By Antonio Morales and Rosa Espín

The Grand Chamber of the Court of Justice of the European Union recently issued a landmark judgment finding that impact assessments should be considered public documents. This decision sets a legal precedent in connection with the transparency, accountability, and decision-making processes of European institutions.

Case Background

A non-profit organization active in the field of environment protection had sought to access two impact assessment reports, which had played an influential role in the proposals of certain environmental laws. Continue Reading

European Banking Authority’s Draft Guidelines on Outsourcing: Discussion of Key Themes

Posted in Brexit, Emerging Companies and Technology, EU and Competition, Finance and Capital Markets

The EBA’s draft guidelines on outsourcing will impact cloud outsourcing and institutions’ deployment of FinTech.

By Fiona MacleanCharlotte Collins, and Terese Saplys

On 4 September 2018, a wide audience of interested individuals gathered at Canary Wharf for a public hearing (Public Consultation) to listen to what the European Banking Authority (EBA) had to say in relation to its long-awaited Draft Guidelines on Outsourcing (Draft Guidelines). The Draft Guidelines, which review the existing CEBS Guidelines on Outsourcing published in 2006 (CEBS Guidelines), are the EBA’s opportunity to refresh its recommendations on outsourcing to align more closely with the technical, political, and operational landscape banks face today. The attendees at the Public Consultation raised a number of questions which have, no doubt, given the EBA considerable food for thought. This blog post identifies and explores the key themes of the day. Beyond the key themes identified below, the Public Consultation included discussions of the issues of internal audit, reporting and registration, and supervisory oversight.

Scope

The extension of scope of the Draft Guidelines, as compared to the scope of the CEBS Guidelines, was a particular area of focus during the Public Consultation.

The Draft Guidelines describe their subject matter as “specify[ing] the internal governance arrangements that institutions … should implement when they outsource functions and in particular with regard to the outsourcing of critical and important functions” (paragraph 5 of the Draft Guidelines). The term “critical and important functions” is consistent with the wording used in MiFID II and includes functions which, if a defect or failure were to occur, would materially impair the continuing compliance of the firm’s activities and obligations. In this regard, the Draft Guidelines align with the CEBS Guidelines which described the requirements for “material outsourcing,” a term defined in a similar manner. However, while the CEBS Guidelines noted that “there should be no restrictions on the outsourcing of non-material activities of an outsourcing institution” (Guideline 5), the Draft Guidelines extend to all outsourcing, unless expressly stated otherwise. Many attendees at the Public Consultation noted that this scope was unduly onerous and would become administratively burdensome for firms to manage.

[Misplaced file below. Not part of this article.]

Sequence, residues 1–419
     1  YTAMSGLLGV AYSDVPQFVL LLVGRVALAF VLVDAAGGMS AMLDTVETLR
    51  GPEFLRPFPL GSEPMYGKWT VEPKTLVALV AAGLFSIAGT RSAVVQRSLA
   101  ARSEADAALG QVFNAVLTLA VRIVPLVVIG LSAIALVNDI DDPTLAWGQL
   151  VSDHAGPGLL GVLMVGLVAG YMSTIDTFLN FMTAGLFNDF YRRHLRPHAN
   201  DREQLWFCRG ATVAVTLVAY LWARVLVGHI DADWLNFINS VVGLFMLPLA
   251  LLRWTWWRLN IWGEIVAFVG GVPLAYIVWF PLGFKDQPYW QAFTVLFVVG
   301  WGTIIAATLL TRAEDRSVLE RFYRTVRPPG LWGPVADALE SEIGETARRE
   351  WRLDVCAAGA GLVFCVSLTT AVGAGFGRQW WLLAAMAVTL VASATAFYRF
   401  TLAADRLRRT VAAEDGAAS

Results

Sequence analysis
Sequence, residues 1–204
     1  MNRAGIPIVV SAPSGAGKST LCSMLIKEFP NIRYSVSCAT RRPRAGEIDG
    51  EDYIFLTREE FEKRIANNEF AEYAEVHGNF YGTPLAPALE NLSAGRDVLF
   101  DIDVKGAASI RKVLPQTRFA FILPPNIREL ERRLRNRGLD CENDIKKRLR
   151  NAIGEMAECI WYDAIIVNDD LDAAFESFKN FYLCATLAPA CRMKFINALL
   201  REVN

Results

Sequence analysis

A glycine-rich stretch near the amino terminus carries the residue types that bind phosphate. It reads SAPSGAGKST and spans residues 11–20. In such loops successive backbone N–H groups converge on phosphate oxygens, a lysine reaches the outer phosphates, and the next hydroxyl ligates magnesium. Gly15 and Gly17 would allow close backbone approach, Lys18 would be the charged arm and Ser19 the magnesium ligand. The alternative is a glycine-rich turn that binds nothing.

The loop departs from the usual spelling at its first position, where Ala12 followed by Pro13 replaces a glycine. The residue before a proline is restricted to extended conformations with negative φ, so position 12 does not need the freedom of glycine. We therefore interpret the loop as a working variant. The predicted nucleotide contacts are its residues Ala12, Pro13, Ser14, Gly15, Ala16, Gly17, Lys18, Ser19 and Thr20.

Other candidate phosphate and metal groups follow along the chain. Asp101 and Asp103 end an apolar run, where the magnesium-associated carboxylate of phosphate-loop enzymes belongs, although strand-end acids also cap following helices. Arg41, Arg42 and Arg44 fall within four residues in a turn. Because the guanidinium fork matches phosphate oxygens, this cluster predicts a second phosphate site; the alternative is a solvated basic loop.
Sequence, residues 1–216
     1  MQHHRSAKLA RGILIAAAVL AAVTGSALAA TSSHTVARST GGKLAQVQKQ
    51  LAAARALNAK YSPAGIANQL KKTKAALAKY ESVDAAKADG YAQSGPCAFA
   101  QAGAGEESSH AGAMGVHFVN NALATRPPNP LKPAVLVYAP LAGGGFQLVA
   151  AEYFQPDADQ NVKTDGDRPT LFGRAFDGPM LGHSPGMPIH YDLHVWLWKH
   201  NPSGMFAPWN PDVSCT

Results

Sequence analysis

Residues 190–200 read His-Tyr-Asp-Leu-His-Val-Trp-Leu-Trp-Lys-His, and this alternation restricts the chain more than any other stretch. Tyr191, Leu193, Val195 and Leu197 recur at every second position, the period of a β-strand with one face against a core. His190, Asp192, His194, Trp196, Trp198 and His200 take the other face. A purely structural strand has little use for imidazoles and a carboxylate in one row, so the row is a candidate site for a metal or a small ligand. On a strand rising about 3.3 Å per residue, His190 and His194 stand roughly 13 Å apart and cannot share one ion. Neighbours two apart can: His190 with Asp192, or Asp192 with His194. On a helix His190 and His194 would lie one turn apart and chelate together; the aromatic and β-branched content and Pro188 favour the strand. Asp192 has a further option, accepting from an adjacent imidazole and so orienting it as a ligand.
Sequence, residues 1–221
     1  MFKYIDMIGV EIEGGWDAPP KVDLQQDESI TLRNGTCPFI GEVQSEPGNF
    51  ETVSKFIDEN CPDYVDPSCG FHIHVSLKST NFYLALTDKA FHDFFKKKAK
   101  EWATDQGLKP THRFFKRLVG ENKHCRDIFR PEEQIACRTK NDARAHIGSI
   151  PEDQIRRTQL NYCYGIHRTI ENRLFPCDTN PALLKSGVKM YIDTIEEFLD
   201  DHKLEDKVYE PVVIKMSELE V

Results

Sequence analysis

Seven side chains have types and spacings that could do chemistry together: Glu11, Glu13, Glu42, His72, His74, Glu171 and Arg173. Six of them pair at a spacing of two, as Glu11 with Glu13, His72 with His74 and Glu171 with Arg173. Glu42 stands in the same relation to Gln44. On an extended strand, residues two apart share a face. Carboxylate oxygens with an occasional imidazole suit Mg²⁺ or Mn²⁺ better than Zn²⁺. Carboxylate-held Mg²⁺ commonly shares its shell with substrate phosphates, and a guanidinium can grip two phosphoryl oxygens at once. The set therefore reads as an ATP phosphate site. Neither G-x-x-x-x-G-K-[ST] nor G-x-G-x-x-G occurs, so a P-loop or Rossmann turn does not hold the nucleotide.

Notably, the broadening of the addressees of the Draft Guidelines (In-scope Entities), to include payment institutions (subject to the revised Payment Services Directive (PSD2)) and electronic money institutions (subject to the e-money Directive), was not discussed in detail at the Public Consultation. However, an attendee raised a question as to the applicability of the Draft Guidelines to industry utilities. The EBA confirmed they had not yet considered this point and advised that they would reflect and clarify the position in the final guidelines. Continue Reading

PE Firms Must Evaluate Competition Strategy Ahead of Brexit

Posted in Brexit, EU and Competition, M&A and Private Equity

By Jonathan Parker and Greg Bonné

As the UK Competition and Markets Authority (CMA) prepares to assume sole jurisdiction for UK competition reviews post-Brexit, private equity deal teams must evaluate the competitive consequences of deals bridging the Brexit period and update their competition strategy accordingly.

What is Changing?

The European Commission (EC) currently acts as a one-stop-shop supranational authority for large transactions that meet Europe-wide competition turnover thresholds, obviating the need for competition filings in individual Member States. However, post-Brexit, transactions impacting competition in the UK and the EU will become concurrently reviewable, i.e., the CMA will review UK aspects and the EC will review European aspects. A significant increase in the number of UK merger reviews carried out by the CMA is likely — the CMA believes that Brexit could result in a further 50 notifications per year, nearly doubling its current workload.

Why Does it Matter?

Timing for the establishment of the CMA’s separate jurisdiction is uncertain. At the earliest, jurisdiction could be effective immediately after the UK leaves the EU  on 29 March 2019. A two-year stay is also possible, depending on the terms of separation. The period building up to the CMA’s separate jurisdiction is likely to be the trickiest for deal teams to navigate. PE firms may not be able to implement the same merger control strategies as in the past.

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Continue Reading